In the course of background work for the translating (that is, actually trying to find the pictures being described) I came across the above picture on wikipedia, which assures me it's out of copyright (and since the original is in the Boston Museum of Fine Arts, I imagine they're right - it's not one of the thousands of images that somebody "liberated" from behind the National Portrait Gallery's firewall)

The user statistics for this blog show that a fair number of the people who stumble across it do so by googling for pictures of Our Lady either pregnant or breastfeeding - something I blogged about in Advent last year. So I thought I'd add this one, for their benefit.
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A flaw in the system

It's surprising to see that it's been two whole months since I last posted here - I knew I hadn't been giving the blog much attention, but I hadn't realised it had been so very long.

Part of the rationale behind this blog was that it might be a way of building some sort of reflection into the day - what had been done, said, thought, or left undone - and then publicly recording any of that that might conceivably be of interest to others (and while I might be a poor judge of the latter, dear read, nobody is forced to read this stuff!). But one of the first casualties of things left undone has been regular daily reflection. Ho hum.
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Wednesday, May 27, 2009

Top 100 Hymns

A link from Facebook took me to a blog where I read about a project on another blog to gather a fairly random list of people's favourite hymns. The BBC did this a few years ago and came out with a top 10 of "the nation's favourite hymns" that looked like this:
  1. How Great Thou Art
  2. Dear Lord and Father of Mankind
  3. The Day Thou Gavest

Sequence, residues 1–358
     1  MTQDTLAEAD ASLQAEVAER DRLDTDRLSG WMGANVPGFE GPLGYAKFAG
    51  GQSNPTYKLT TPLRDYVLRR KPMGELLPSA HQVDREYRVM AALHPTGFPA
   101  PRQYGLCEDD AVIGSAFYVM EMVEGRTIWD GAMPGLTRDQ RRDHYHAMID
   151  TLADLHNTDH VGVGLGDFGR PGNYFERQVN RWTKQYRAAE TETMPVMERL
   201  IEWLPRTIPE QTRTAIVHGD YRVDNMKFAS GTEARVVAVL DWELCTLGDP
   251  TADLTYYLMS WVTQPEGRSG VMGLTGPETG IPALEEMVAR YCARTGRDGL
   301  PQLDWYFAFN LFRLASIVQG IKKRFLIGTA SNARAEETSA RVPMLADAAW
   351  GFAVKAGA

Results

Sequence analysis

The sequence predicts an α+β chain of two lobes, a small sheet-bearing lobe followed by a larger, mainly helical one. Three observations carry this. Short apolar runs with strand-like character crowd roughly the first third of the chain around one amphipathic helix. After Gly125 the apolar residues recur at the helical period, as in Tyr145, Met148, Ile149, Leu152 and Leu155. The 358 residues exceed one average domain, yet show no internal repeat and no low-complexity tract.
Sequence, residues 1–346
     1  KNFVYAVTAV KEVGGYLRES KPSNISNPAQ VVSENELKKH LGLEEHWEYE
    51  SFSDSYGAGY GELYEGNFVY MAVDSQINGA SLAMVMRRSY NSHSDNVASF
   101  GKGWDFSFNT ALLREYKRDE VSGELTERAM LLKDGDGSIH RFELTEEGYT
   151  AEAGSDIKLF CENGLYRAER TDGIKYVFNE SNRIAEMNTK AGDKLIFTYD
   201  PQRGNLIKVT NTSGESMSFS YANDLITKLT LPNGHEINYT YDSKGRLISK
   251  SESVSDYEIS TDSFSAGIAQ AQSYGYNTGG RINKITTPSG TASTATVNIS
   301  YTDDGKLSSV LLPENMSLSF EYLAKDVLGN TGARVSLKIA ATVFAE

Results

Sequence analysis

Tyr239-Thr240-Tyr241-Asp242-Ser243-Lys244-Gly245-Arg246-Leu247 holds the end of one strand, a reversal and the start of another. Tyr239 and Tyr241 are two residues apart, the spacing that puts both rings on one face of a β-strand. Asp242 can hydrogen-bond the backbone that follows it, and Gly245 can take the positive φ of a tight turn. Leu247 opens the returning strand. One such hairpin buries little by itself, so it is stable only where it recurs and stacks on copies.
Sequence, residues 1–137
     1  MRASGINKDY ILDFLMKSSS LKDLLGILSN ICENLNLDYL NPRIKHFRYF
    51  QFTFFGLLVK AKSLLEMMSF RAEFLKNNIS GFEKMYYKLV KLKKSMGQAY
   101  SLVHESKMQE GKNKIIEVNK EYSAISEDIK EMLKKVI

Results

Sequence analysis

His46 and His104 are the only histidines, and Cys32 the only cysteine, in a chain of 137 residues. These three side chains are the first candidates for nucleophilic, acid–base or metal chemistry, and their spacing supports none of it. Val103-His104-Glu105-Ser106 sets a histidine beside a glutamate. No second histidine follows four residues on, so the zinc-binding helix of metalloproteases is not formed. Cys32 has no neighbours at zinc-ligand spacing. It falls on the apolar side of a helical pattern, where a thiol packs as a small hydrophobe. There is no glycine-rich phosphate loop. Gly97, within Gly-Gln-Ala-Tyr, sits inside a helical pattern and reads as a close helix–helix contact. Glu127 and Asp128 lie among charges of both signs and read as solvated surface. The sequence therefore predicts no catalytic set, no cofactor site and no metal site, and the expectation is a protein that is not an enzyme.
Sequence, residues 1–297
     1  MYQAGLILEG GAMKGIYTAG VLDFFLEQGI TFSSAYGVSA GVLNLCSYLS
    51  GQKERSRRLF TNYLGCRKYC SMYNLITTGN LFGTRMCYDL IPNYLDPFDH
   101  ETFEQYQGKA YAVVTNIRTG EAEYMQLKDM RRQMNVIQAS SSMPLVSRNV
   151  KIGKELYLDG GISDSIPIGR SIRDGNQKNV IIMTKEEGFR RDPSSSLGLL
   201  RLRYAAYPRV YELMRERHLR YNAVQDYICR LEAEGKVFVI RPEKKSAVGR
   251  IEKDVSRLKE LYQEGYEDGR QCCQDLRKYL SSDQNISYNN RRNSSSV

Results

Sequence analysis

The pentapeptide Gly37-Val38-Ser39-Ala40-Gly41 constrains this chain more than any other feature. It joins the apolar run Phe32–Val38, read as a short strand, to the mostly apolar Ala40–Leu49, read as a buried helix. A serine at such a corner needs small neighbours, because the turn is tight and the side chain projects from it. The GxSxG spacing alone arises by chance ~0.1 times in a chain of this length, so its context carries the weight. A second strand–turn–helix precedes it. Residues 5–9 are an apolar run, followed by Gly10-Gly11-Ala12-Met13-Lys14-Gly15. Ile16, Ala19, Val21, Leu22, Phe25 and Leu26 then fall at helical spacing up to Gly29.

4. Be Thou My Vision
  5. Love Divine, All Loves Excelling
  6. Be Still, For The Presence Of The Lord
  7. Make Me A Channel
  8. Guide Me, O Thou Great Redeemer
  9. In Christ Alone
  10. Shine, Jesus, Shine
I'm not sure what my own top 10 would be, or the order of them, as thinking about it I can only whittle the list down as far as 12 (including 4 of the BBC's top 10), and that's without putting them in any order of preference:

  • At the Cross Her Station Keeping
  • The Lord is My Shepherd
  • Be Thou My Vision
  • Adeste Fideles
  • Pange Lingua
  • The Day Thou Gavest Lord is Ended
  • Dear Lord and Father of Mankind
  • Guide Me O Thou Great Redeemer
  • O Come, O Come Emmanuel
  • Abide With Me
  • Praise My Soul the King of Heaven
  • Lead, Kindly Light

Still, if I do get round to making a ranked list of 10, I'll be sure to let the lady at the blog know!
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Sunday, May 24, 2009


Just back from a four-day-weekend at the seaside (Ascension is a holiday here, and the Friday fell down the crack between that and the weekend proper), to find that one of the blogs I read has put up a link to a BBC report on an archaeologist opining as to when and why Europe's deep-sea fisheries got started (or is it just England's? - always hard to tell with the BBC, on whose website I once saw William Caxton described as an "inventor").
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Monday, May 18, 2009


Looking for last-minute material for my students, I happened on this just now:

Brings back memories ...
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Thursday, May 7, 2009

Displacement activity